“Battlestar Galactica” is returning as a four-hour miniseries, backed by hype befitting a science fiction classic in the same galaxy as “Star Wars” or “Star Trek.” Never mind that this classic was a campy space opera that lasted just one season.
When it premiered on ABC in 1978, the special-effects dazzler was the most highly publicized new series of that season. Lorne Greene starred as Adama, the commander of a ragtag band of refugees in search of a lost planet called Earth after a band of robotic Cylons wiped out much of humankind.
In the new version, airing Monday and Tuesday on the Sci Fi Channel (9 p.m. EST), Edward James Olmos takes over as Adama; Jamie Bamber is his son, Apollo (originally played by Richard Hatch); and the hotheaded pilot, Starbuck, is now a woman, played by Katee Sackhoff (Dirk Benedict was the original).
While the original series’ thematic core remains — the human struggle for survival — a lot has changed.
Gone is the space fantasy with the dashing caped warriors of old. Now they’re handsome heroes in uniforms akin to Air Force fighter pilots. The aluminum Cylon enemies look more like humans, complete with feelings, including one with rabid sexual desires.
And the quest is not for a mythical Earth — it no longer exists.
“It’s a fine line in deciding what you want to retain and what you want to change from the original,” says the miniseries’ writer, Ron Moore. “But it all started with the name.”
What he ended up with is a saga for a post-Sept. 11 world: an array of conflicted characters forced to coexist under the threat of more deadly adversaries living among them.
“When 9-11 happened,” says Sackhoff, “I knew for the first time what it was like to feel fear — genuine fear. And had that not happened, it would have been a lot harder for me to actually play this character.”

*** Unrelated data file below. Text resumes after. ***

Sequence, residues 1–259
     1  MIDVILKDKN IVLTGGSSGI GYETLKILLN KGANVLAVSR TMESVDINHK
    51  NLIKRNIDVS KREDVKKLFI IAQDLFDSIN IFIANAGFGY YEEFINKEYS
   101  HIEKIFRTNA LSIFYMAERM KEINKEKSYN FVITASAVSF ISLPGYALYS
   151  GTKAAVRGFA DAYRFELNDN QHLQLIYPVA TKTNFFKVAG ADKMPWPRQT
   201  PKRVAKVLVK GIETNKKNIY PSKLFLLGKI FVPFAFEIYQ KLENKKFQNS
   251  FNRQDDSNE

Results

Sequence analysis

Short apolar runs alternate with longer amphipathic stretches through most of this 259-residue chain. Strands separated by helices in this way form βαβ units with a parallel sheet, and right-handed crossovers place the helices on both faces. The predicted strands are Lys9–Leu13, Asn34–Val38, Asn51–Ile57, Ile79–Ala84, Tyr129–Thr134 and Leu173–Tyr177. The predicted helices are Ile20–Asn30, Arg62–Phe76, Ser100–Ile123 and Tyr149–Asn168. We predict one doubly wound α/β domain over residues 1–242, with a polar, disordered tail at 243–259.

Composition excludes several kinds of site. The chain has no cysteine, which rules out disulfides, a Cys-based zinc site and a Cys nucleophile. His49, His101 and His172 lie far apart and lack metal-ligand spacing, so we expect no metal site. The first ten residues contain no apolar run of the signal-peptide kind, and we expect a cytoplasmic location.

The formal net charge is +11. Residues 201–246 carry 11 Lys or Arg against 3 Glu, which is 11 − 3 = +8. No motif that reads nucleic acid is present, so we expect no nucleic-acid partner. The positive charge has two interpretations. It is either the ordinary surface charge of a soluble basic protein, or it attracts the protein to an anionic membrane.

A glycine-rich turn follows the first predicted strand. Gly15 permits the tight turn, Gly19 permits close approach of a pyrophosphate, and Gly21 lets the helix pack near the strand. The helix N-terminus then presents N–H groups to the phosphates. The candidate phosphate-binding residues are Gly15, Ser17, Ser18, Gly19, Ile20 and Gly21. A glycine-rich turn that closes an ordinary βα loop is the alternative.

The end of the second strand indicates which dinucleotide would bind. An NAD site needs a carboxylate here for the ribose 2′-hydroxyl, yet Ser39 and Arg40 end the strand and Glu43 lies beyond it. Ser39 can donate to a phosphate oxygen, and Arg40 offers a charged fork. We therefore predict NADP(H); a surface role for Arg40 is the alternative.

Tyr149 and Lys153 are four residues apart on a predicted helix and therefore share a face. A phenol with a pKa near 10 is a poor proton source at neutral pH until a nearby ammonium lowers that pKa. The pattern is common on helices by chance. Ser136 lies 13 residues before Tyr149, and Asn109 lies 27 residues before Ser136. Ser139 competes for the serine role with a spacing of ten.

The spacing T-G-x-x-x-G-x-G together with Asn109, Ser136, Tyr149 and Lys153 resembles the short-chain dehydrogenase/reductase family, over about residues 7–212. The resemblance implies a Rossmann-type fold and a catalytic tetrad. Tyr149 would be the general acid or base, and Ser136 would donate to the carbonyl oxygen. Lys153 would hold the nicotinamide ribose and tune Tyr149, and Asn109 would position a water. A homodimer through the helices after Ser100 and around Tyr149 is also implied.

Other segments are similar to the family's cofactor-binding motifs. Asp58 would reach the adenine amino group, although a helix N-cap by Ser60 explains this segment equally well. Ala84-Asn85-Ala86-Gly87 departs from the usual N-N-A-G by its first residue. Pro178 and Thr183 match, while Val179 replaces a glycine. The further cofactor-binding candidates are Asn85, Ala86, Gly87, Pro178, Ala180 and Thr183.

“What science fiction should be,” says Moore, “is a look at ourselves, an examination of humanity. But where we are with science fiction in television and movies, you’ve sort of fallen into two categories: There’s this quasi-cyberpunk stuff, which is everything from ‘Matrix’ to ‘Blade Runner.’ Then there’s the sort of ‘Star Wars,’ ‘Star Trek’ lush orchestral visions of the future.”
Olmos, who’s eschewed science fiction since appearing in the 1982 film “Blade Runner,” says Moore’s script “was different than anything I’d ever read before. There’s a lot of reality in this that you might find in say a ‘NYPD Blue’ or ‘Hill Street Blues.”’
Will new version fly?
Devotees of the original will be hard to convince, however.
Chat-room conversations on many of the scores of “Battlestar” Web sites have been fiercely opposed to this “re-imaged” version.
Hatch understands the fan sentiment.
“I had a lot of anger and frustration because I saw a studio not on any level being receptive to what the vast majority of fans wanted,” the actor says in his small apartment littered with “Battlestar” paraphernalia, including a lunchbox, posters and videos.
Hatch, who has written six spin-off novels, tried his own sequel: “Battlestar Galactica: The Second Coming.” A four-minute, self-financed trailer has been a hit among conventioneers, but studio executives have been unimpressed.
“Every time they bring back a classic, they always fail because they’ve thrown the baby out with the bath water,” says the 58-year-old Hatch. “They throw away the very elements the fans loved most.”
A few years ago, fans thought they’d get the continuation saga they’d clamored for when Bryan Singer and Tom DeSanto, the director-writer team behind “X-Men,” hooked up with original “Galactica” creator Glen Larson to develop a project at 20th Century Fox.
When that deal fell through, Universal TV chief David Kissinger brought in executive producer David Eick and Moore to rework the franchise for Sci Fi.
“We want the fans to embrace what we are doing,” says Sci Fi President Bonnie Hammer, “but if you produced now what was produced then, it would feel like old TV. We wanted to make it more relatable, even in terms of the stereotypes of characters.”
“I understand they’re trying to do a modern version,” says Larson. “But change for the sake of change — it’s taking the title and exploiting it.”
Not according to Bamber, who as a new cast member is part of the change.
“It’s like a favorite play,” he argues. “It’s there to be challenged, it’s there to be redone and reinterpreted.”